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SPLC Applauds Eatonville’s Designation on Annual List of America’s 11 Most Endangered Historic Places    

The prestigious listing spotlights significant sites of American history at risk of erasure  

EATONVILLE, Fla. — Today, the National Trust for Historic Preservation named Eatonville, Florida, to its 2024 listing of America’s 11 Most Endangered Historic Places. The annual ranking brings attention to sites that are significant to American history and at risk of destruction or irreparable damage.  

“Eatonville, incorporated in 1887, was one of the first self-governing all-Black municipalities in the United States and the town has long been known for its strong sense of community,” said Carol Quillen, president and CEO of the National Trust for Historic Preservation. “Today it requires protection, investment, and support in the face of development pressures from larger metropolitan areas and other complex challenges. As the hometown setting in famous literary works by Zora Neale Hurston, Eatonville is already well known to countless book lovers around the world as something we should all treasure. We support the great work already being done so that the local community and interested travelers can continue to enjoy this wonderful town for years to come.”   

Since its debut in 1988, the list of America’s 11 Most Endangered Historic Places has proven to be a highly effective tool for shining a light on the threats facing the nation’s greatest treasures. Due to the efforts of the National Trust and supporters, the list has often provided the decisive force needed to preserve important cultural landmarks. Now in its 37th year, the ongoing initiative has galvanized public support behind more than 350 sites across the country.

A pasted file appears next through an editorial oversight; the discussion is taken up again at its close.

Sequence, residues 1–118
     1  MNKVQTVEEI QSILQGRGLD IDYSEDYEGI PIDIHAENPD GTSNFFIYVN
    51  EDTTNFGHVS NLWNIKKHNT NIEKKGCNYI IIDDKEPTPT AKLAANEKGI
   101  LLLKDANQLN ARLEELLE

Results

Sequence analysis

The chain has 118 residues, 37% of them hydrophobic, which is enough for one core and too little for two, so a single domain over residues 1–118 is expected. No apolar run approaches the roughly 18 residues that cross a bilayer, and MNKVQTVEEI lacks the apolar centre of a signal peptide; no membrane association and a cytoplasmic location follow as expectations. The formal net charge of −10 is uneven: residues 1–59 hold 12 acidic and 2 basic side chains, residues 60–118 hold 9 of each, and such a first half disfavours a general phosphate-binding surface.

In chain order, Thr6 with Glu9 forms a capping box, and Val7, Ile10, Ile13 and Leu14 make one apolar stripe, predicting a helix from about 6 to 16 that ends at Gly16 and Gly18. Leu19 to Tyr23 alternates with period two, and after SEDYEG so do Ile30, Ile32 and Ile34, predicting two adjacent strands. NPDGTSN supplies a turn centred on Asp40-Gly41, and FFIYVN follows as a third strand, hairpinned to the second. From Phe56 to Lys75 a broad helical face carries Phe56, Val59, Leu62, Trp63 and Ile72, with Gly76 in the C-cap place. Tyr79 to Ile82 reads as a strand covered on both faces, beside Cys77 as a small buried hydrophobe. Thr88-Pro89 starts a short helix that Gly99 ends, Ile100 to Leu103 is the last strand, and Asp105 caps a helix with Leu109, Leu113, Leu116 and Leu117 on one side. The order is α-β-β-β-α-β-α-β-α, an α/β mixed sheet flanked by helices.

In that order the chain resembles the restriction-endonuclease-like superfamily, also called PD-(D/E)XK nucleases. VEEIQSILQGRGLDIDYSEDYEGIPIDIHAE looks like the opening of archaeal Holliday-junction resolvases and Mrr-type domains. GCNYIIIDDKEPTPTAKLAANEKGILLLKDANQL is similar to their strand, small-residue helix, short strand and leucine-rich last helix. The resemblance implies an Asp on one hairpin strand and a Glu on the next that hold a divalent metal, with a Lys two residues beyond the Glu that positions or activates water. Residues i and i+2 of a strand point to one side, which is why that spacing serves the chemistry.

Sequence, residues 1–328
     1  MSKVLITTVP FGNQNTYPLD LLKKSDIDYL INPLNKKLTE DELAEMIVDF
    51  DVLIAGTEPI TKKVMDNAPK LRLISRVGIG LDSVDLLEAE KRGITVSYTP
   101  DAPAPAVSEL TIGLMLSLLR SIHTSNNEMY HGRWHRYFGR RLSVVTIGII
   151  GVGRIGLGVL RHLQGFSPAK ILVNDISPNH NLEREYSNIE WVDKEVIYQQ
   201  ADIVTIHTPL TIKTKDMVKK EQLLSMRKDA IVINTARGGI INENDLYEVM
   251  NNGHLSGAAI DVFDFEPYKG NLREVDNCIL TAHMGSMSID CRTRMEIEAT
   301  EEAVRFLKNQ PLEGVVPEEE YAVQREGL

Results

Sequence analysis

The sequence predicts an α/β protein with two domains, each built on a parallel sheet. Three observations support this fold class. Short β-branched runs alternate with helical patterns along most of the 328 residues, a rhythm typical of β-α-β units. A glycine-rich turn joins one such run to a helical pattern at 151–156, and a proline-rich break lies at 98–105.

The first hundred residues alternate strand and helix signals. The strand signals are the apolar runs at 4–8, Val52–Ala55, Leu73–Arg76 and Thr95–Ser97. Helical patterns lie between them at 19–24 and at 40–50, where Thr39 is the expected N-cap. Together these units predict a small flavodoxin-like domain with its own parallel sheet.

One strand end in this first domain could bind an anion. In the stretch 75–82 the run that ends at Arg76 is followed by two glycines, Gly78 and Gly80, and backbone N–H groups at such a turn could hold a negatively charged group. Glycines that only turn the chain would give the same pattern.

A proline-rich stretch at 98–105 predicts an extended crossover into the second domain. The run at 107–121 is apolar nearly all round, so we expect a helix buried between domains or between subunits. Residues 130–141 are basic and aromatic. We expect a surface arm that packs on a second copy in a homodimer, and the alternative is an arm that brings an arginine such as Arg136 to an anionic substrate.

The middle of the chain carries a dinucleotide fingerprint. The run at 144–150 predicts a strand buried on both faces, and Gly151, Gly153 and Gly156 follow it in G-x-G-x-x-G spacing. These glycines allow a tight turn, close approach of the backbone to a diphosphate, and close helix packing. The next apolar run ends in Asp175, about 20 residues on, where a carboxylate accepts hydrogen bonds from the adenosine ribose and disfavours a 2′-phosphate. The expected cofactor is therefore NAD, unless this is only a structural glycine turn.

“The Association to Preserve the Eatonville Community is thrilled that the National Trust for Historic Preservation has bestowed such an honor onto our town,” said N.Y. Nathiri, executive director of the P.E.C. “Eatonville is widely acknowledged for being the first incorporated African American community in the nation. Today’s announcement solidifies our place in the canon of American history.”  

Founded during Reconstruction, Eatonville is one of the first towns in America to be incorporated by newly emancipated Black people and home of renowned Harlem Renaissance writer Zora Neale Hurston.   

To learn more about the places on this year’s list and find out what you can do to help preserve them, go to    

About the Southern Poverty Law Center  

The Southern Poverty Law Center is a catalyst for racial justice in the South and beyond, working in partnership with communities to dismantle white supremacy, strengthen intersectional movements, and advance the human rights of all people. For more information,  

About the Association to Preserve the Eatonville Community   

The Association to Preserve the Eatonville Community, Inc. (P.E.C.), established in 1987, is a 501 (c) 3 organization whose mission is to promote Eatonville, Florida’s considerable heritage, historical, and cultural resources as a means for the community’s revitalization and economic development; and via programming which promotes pride of heritage, educational excellence and the cultural arts will preserve and protect the community for posterity. For more information, Association to Preserve the Eatonville Community.